Disruptive technology, put simply, is innovation that transforms things so completely that everybody has to adjust. It can render entire industries obsolete or force everyone to upgrade their personal equipment. Holding out against disruptive change is hard, but sometimes it’s even harder to adapt.
I spent this past weekend in Vandergrift, PA to attend a 2-night Peter Cushing film festival at a drive-in. There are very few of these theaters remaining, and they’re staring at a deadline that threatens to finish many of them off once and for all. The studios are planning to go digital-only next year.
Digital is great for showing movies. There’s no “print” as such to break and decay1. Storage is much smaller and easier. The definition is crisp. There are probably enormous benefits for 3D.
There’s just the little matter of the roughly $75K needed to upgrade to a digital projector.
Drive-ins have a limited revenue season — many in the northern states only operate during summer — and like indoor theaters they make most of their money from concessions. So basically we’re looking at a snack bar that only operates for a few hours a day, during four months a year, needing to come up with tens of thousands in additional profit or give up on showing current movies.
I suppose they could get loans, but a bank is going to want to know how the hell profits will increase enough to pay the loan back. It’s not as though going digital is likely to bring in more customers. It’s simply necessary to not lose more business when the new releases stop being available on film.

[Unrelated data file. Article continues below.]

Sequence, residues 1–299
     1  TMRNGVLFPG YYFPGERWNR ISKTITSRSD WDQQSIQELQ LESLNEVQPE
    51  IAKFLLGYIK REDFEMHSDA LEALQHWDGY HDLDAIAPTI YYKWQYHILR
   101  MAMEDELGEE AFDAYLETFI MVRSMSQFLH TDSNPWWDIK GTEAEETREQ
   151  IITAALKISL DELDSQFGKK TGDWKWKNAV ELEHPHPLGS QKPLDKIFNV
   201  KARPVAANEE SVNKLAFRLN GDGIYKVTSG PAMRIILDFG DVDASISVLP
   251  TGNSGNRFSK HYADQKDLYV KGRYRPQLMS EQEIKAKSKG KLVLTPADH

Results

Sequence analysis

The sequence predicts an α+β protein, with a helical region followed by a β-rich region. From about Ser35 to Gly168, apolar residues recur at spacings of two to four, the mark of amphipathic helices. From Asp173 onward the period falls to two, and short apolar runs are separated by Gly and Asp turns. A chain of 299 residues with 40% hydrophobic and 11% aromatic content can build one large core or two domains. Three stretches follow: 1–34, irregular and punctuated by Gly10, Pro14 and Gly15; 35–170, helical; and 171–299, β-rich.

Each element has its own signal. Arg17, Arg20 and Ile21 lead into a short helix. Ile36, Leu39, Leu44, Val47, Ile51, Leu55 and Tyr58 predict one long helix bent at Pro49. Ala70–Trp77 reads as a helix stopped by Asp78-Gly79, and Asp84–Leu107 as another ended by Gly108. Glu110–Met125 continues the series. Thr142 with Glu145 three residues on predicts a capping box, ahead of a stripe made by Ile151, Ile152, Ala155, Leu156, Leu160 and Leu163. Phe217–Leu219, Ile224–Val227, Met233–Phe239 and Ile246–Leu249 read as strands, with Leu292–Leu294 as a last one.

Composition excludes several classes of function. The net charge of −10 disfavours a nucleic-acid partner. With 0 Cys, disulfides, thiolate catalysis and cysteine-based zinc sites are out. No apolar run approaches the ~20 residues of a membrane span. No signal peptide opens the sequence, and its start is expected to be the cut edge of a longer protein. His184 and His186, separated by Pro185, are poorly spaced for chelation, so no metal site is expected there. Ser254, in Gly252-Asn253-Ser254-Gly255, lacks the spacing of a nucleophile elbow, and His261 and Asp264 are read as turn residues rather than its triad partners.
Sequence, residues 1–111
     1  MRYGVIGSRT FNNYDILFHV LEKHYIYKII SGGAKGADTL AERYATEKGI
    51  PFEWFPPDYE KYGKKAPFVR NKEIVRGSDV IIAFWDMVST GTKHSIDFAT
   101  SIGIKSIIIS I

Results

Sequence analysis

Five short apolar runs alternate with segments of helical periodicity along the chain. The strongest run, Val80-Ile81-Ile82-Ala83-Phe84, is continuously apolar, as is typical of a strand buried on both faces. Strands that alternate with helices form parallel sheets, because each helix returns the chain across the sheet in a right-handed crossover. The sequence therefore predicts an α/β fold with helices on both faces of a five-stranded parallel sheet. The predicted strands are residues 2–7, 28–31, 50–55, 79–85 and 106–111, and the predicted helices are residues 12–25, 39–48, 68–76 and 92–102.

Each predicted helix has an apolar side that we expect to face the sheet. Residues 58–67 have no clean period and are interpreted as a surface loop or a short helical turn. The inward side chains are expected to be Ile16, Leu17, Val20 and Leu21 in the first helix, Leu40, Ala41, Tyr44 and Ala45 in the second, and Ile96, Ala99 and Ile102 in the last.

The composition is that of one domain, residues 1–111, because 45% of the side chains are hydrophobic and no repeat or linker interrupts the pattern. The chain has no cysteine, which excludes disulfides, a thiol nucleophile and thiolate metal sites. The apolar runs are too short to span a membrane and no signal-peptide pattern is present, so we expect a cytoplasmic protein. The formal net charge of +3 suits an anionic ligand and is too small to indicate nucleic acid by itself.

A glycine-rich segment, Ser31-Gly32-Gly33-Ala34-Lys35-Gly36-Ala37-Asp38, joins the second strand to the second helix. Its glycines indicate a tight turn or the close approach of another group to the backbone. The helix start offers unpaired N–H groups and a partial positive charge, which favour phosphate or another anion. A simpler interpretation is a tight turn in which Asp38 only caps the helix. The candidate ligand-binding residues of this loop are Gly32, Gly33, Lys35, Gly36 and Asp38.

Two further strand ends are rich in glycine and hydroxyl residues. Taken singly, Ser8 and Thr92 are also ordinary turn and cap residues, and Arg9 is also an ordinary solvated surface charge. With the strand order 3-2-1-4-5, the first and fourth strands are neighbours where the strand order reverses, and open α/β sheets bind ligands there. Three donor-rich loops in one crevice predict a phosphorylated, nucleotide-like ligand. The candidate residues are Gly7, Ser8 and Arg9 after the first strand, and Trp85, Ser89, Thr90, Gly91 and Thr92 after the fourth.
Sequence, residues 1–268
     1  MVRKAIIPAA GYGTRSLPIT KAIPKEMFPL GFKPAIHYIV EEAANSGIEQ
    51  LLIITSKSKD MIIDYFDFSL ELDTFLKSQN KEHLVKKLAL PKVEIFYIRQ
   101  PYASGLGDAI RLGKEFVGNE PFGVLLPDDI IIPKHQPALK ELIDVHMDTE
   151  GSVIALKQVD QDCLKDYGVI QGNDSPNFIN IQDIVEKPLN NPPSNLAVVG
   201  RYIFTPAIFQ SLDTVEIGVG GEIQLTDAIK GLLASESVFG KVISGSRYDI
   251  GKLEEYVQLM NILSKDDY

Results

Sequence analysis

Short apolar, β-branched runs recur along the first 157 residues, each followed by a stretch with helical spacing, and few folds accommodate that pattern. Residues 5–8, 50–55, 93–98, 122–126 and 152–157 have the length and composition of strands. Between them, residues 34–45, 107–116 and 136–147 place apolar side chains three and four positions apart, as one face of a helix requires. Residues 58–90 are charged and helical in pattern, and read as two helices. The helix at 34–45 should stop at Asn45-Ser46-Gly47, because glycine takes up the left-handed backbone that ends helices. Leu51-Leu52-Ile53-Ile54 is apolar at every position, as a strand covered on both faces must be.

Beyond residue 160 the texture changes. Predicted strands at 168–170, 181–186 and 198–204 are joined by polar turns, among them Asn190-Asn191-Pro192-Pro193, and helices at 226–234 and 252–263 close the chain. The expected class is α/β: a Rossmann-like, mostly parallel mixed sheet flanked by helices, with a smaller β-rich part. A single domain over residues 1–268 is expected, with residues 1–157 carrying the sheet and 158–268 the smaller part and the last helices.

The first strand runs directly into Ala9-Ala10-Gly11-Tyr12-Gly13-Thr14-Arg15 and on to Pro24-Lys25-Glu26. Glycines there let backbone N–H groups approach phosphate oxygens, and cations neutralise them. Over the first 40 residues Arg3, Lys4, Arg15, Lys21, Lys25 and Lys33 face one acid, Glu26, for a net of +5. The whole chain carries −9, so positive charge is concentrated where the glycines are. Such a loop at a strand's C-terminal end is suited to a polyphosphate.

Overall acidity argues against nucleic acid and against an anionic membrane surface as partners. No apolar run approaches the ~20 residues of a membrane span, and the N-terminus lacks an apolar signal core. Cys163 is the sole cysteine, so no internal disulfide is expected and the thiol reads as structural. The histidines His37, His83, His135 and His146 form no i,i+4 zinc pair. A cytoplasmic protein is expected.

It’s a sad situation. People who run small drive-ins stand to lose their businesses. As a culture, we stand to lose an enjoyable piece of our living history. That’s the way of disruptive technology. There’s nothing unique about the fate of drive-ins; I’ll just happen to notice this loss. With the pace of change accelerating, we’re all going to experience these disruptions many times in our lives. (Anyone else have to replace their LP collections?)
Through a 3rd-hand source I learned that the studios may relent on the hard deadline, or at least push it back. It would make sense; if there are fewer screens, there is less money to be made. More time might actually help. The drive-in I was at has raised a significant portion of the upgrade cost through fundraisers, but they still have a long way to go.
If there’s real hope in this case, it may lie ultimately in nostalgia. The mere act of watching a movie at a drive-in is antiquated. Who’s to say if showing older movies won’t increase attendance? Double-bills of famous mid-century films like “Giant” or “The Blob” could be a retro draw. See the movies your parents watched, as they watched them!
You never know. Revival screenings might just pay for the ability to show new movies going forward.
1. There are still ways to render a digital “print” useless, but let’s just agree that the rate of loss is much lower.